Now I know what many of you are thinking. It is human nature so just admit it. You are thinking of “someone” who needs this. Someone other than you. Maybe someone that has hurt your feelings or you have had conflict with. Someone who is new or old. Someone ELSE.
Let me make this as plain as I can. This is for you and it is for me. There is no one in the Church who cannot learn from the lessons that are in this book. Even if you know the material it is imperative that you join with us in affirming the six pledges in the book. Even if you understand the concepts it is important that you search yourself and commit yourself once again to the fragile and very human people of God known as First Baptist Church of Greater Toledo.
Studying this book as we explore the contents in worship, in Sunday School, at our Bible Study, at Biggby’s, in small groups, or with your family can be a turning point for you and the Church. In order for us to lovingly reach out to the world around us we must, as our first order of business, explore our own hearts to make sure that the love of God is resident in our lives. This is the point of the pledges, to make it personal, to make it our responsibility to do the work of God in Jesus Christ.
These pledges are personal, even as they are corporate. We cannot make them for someone else, nor can we force them onto each other. They are in many ways your own personal decision, but they also are very much a corporate and public pledge to God and each other. For instance only I can pledge to be a “source of unity in my Church.” I cannot, however, do it alone. The pledge of unity is valuable only when we affirm it together. This is the nature of the Church. We are both individually connected to God and linked together as the body of Christ. To separate the one from the other would be as difficult as separating the Trinity into three different parts.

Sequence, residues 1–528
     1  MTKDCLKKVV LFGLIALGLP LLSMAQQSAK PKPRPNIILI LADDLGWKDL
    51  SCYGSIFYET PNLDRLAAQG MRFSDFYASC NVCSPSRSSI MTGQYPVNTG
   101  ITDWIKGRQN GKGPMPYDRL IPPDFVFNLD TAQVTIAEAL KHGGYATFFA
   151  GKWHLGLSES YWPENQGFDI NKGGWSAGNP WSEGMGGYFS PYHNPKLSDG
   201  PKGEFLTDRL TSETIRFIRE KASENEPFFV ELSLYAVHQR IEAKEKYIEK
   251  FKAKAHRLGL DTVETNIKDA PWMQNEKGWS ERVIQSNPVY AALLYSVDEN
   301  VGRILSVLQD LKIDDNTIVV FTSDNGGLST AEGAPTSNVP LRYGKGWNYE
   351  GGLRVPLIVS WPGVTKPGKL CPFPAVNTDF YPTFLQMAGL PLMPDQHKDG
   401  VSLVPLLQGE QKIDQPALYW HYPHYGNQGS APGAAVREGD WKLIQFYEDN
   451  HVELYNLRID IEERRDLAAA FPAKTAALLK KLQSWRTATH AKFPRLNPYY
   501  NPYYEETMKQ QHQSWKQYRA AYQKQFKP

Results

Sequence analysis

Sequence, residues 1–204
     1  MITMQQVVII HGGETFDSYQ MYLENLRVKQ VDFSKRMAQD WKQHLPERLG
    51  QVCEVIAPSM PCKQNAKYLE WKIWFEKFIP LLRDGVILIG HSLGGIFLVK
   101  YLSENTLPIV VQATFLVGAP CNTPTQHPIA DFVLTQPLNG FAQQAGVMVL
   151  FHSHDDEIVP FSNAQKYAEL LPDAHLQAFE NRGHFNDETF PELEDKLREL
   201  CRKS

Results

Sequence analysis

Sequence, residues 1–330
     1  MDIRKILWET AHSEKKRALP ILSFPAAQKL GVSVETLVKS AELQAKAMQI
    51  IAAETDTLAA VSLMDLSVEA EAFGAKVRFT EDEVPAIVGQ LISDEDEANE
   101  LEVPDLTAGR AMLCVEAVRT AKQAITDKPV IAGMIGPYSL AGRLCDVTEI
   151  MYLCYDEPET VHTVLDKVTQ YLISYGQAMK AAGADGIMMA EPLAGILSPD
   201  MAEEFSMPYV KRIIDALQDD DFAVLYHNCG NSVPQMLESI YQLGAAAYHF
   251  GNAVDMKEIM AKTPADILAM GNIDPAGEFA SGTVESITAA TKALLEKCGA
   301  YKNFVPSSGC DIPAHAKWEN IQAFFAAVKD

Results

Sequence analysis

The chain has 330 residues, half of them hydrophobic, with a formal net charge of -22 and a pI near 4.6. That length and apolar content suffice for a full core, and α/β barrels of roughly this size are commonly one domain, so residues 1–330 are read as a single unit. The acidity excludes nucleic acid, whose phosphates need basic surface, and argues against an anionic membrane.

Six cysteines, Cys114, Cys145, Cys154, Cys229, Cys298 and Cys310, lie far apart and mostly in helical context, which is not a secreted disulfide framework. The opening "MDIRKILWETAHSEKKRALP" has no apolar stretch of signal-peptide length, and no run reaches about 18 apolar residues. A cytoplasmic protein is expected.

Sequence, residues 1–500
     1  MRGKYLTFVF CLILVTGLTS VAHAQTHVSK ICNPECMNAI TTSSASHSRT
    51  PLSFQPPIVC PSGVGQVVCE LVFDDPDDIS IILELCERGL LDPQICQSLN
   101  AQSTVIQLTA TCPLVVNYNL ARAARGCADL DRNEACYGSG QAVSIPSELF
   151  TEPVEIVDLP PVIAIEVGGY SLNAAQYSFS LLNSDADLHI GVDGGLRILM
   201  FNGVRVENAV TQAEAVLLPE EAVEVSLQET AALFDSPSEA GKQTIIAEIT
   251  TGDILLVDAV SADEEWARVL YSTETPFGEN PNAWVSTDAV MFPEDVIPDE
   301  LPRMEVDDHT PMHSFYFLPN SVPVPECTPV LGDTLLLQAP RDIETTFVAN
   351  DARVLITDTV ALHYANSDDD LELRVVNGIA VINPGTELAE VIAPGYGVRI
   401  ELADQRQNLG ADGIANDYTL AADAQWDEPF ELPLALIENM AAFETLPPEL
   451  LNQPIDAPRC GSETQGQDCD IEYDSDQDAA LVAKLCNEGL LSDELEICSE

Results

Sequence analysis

As we travel together through the six short chapters we will discover that there is much that we can do to strengthen our Church. There is much that we must personally do in order to create a sense of harmony, growth and love in the Church. It is my prayer that you will join me in this brief but important study of God’s word for the sake of the gospel and our beloved Church.
There are indeed many Churches that you can choose to attend. Many of them are staffed with more people and perhaps more talented pastors and teachers. They may have a bigger choir or a better looking preacher, but they are still made up of human beings with problems, dysfunctions and sins to deal with. Sometimes the grass looks greener on the other side of the fence, but conflict in the church is eerily similar in churches large and small. This book will help us to begin to take responsibility for our role in the Church; in its conflicts and its future. It is my intention to help each of you to become a better, more loving, more forgiving, and more responsible member of First Baptist Church. Please accept my personal invitation to join us for this life-changing series of lessons.
The series will begin on Sunday, February 1, in both Sunday School and worship. We have books available for your use. Please pick one up at the Church or contact the Church office so we can put one in your hands. Pray for your Church so that God might find in us partners, citizens, and friends for the sake of gospel work of Jesus Christ.